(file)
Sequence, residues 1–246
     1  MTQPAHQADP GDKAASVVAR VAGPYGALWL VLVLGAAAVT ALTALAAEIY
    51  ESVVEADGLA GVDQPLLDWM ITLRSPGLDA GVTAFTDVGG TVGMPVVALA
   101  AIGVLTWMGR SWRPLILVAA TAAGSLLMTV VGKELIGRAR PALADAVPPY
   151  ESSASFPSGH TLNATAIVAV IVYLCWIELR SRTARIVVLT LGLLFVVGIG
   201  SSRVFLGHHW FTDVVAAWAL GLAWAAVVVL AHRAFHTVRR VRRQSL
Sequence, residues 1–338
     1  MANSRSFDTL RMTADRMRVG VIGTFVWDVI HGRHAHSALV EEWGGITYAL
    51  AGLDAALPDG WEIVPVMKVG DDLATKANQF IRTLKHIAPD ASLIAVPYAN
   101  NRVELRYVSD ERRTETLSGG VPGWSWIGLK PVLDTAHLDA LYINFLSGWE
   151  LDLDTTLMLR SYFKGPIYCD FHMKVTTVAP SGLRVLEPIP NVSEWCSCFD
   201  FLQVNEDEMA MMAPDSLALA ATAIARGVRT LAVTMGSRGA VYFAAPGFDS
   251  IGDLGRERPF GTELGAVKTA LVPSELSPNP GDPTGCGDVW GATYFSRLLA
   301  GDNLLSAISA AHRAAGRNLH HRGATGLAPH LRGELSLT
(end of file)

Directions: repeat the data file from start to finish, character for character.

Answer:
Sequence, residues 1–246
     1  MTQPAHQADP GDKAASVVAR VAGPYGALWL VLVLGAAAVT ALTALAAEIY
    51  ESVVEADGLA GVDQPLLDWM ITLRSPGLDA GVTAFTDVGG TVGMPVVALA
   101  AIGVLTWMGR SWRPLILVAA TAAGSLLMTV VGKELIGRAR PALADAVPPY
   151  ESSASFPSGH TLNATAIVAV IVYLCWIELR SRTARIVVLT LGLLFVVGIG
   201  SSRVFLGHHW FTDVVAAWAL GLAWAAVVVL AHRAFHTVRR VRRQSL
Sequence, residues 1–338
     1  MANSRSFDTL RMTADRMRVG VIGTFVWDVI HGRHAHSALV EEWGGITYAL
    51  AGLDAALPDG WEIVPVMKVG DDLATKANQF IRTLKHIAPD ASLIAVPYAN
   101  NRVELRYVSD ERRTETLSGG VPGWSWIGLK PVLDTAHLDA LYINFLSGWE
   151  LDLDTTLMLR SYFKGPIYCD FHMKVTTVAP SGLRVLEPIP NVSEWCSCFD
   201  FLQVNEDEMA MMAPDSLALA ATAIARGVRT LAVTMGSRGA VYFAAPGFDS
   251  IGDLGRERPF GTELGAVKTA LVPSELSPNP GDPTGCGDVW GATYFSRLLA
   301  GDNLLSAISA AHRAAGRNLH HRGATGLAPH LRGELSLT